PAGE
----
A huge success in England, this marvelously funny debut novel had its genesis in a column Fielding writes for a London newspaper. It's the purported diary, complete with daily entries of calories consumed, cigarettes smoked, "alcohol units" imbibed and other unsuitable obsessions, of a year in the life of a bright London 30-something who deplores male "fuckwittage" while pining for a steady boyfriend. As dogged at making resolutions for self-improvement as she is irrepressibly irreverent, Bridget also would like to have someone to show the folks back home and their friends, who make "tick-tock" noises at her to evoke the motion of the biological clock. Bridget is knowing, obviously attractive but never too convinced of the fact, and prone ever to fear the worst. In the case of her mother, who becomes involved with a shady Portuguese real estate operator and is about to be arrested for fraud, she's probably quite right. In the case of her boss, Daniel, who sends sexy e-mail messages but really plans to marry someone else, she's a tad blind. And in the case of glamorous lawyer Mark Darcy, whom her parents want her to marry, she turns out to be way off the mark. ("It struck me as pretty ridiculous to be called Mr. Darcy and to stand on your own looking snooty at a party. It's like being called Heathcliff and insisting on spending the entire evening in the garden, shouting 'Cathy!' and banging your head against a tree.") It's hard to say how the English frame of reference will travel. But, since Bridget reads Susan Faludi and thinks of Goldie Hawn and Susan Sarandon as role models, it just might. In any case, it's hard to imagine a funnier book appearing anywhere this year. Major ad/promo; first serial to Vogue; BOMC and QPB main selections; simultaneous Random House audio; author tour. (July) FYI: A movie is in the works from Working Title, the team that produced Four Weddings and a Funeral.
Copyright 1998 Reed Business Information, Inc. --This text refers to the Audio Cassette edition.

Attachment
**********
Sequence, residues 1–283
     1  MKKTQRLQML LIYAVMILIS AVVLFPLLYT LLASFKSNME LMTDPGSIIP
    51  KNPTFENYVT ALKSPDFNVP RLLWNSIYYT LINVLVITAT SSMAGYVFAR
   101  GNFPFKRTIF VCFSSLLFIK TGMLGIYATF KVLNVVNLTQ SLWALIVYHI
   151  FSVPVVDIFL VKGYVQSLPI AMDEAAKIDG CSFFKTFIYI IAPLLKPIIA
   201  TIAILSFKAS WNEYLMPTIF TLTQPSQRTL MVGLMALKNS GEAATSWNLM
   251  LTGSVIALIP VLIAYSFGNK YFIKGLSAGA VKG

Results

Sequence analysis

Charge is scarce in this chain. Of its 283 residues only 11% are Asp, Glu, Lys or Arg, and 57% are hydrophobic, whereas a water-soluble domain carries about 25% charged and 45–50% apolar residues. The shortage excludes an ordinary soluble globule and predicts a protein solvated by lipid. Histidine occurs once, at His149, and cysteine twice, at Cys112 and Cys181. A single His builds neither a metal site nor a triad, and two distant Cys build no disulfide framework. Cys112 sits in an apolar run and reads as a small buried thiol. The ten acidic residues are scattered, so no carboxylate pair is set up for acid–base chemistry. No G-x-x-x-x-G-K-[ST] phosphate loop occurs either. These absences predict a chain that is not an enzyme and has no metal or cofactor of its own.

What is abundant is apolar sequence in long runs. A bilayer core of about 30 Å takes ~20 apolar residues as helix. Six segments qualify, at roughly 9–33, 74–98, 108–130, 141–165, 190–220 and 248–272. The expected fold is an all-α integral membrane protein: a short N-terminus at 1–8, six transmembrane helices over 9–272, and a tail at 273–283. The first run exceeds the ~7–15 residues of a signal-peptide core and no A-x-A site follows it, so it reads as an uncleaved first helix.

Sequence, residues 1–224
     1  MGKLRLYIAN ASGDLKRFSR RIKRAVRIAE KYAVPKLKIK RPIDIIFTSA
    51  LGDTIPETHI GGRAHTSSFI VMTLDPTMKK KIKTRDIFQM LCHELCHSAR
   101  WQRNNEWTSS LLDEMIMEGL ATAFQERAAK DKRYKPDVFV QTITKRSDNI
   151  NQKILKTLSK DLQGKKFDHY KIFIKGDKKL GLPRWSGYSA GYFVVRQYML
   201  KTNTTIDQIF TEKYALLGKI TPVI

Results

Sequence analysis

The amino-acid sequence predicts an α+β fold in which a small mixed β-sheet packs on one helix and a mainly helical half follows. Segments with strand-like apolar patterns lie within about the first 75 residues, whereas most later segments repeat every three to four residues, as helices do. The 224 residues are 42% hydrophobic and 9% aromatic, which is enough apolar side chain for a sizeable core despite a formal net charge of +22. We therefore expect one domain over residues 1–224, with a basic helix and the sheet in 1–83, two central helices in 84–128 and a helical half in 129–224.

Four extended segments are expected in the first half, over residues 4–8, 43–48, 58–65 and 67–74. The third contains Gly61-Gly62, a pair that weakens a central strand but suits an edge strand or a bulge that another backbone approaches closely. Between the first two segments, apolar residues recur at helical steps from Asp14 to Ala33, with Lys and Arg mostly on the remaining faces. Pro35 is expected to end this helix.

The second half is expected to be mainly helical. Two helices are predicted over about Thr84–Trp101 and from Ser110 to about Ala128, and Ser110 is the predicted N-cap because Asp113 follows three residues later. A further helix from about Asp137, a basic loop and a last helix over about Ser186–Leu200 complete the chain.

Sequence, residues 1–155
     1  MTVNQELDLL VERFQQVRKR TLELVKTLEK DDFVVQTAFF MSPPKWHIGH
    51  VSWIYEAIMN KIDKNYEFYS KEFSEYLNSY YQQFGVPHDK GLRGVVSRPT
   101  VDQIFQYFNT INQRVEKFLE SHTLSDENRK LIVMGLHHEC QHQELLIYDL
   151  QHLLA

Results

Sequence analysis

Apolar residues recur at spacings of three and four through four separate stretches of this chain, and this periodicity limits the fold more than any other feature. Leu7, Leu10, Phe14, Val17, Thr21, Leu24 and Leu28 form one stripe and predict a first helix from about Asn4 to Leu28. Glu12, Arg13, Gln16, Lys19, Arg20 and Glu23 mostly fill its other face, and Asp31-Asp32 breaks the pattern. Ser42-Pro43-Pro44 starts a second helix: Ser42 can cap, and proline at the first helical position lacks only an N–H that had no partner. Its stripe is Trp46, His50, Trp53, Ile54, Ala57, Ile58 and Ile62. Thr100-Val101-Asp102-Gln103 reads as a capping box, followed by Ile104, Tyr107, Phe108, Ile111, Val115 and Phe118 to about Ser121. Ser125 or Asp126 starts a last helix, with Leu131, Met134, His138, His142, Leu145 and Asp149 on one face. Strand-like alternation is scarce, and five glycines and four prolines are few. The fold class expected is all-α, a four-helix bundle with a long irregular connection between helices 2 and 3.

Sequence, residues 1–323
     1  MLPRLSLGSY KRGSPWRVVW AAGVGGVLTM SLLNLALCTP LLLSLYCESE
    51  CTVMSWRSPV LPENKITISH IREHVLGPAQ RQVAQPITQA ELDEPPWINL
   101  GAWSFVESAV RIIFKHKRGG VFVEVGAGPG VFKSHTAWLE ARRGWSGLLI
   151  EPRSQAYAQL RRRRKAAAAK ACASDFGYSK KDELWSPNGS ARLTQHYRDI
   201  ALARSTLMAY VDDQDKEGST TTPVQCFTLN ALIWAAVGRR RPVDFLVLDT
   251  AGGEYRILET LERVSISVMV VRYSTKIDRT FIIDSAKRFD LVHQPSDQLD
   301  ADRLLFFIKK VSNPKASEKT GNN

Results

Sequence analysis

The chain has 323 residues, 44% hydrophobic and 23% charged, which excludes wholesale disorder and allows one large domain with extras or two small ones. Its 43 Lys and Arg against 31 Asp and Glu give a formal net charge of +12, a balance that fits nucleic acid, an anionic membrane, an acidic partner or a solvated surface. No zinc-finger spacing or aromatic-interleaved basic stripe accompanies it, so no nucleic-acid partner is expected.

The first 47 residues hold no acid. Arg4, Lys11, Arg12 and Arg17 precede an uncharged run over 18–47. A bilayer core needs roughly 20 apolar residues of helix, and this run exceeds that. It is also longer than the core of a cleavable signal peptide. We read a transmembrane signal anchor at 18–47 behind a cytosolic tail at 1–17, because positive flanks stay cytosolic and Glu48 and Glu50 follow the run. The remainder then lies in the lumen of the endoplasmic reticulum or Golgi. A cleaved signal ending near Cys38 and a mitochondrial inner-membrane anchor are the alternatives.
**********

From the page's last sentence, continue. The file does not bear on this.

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Top Customer Reviews
The problem with reading a book AFTER you've seen the movie version is that you undeniably relive the scenes with the cinematic players in mind. Luckily, my time with this book was spent before the film opened and I was able to appreciate Helen's attempts at comedy with a better perspective on what she was trying to do - create a female character so flawed and jinxed, that it was impossible but to fall in love with her.
I must say that some of the scenes here read funnier than when they made it to film. But to give it credit, the movie version excelled in portions that were more or less underplayed in the book - the blue soup incident, and the mom-on-TV segments especially. However, I must say that the quality of language and the author's writing style here are wonderful and quite exceptional. Rarely has there been a book that makes you want to meet the lead character, but this one does just fine on that count.
The only concern I had is that while Bridget Jones's Diary is a journal that takes you through a girl's life in a year, the movie seemed to be more a collection of little vignettes, focussing less on the diary itself - though in the end, its the diary that brings her happiness and the man she loves. Readers may find the climax a bit silly (it looks even more contrived on film) but keep in mind this was written for twenty-somethings looking for a way to pass their time on a lonely weeknight, and not for aspiring professors of literature. Still, there are highly comic moments, and I'd have to give it to the author for sustaining my interest in the book until the very end.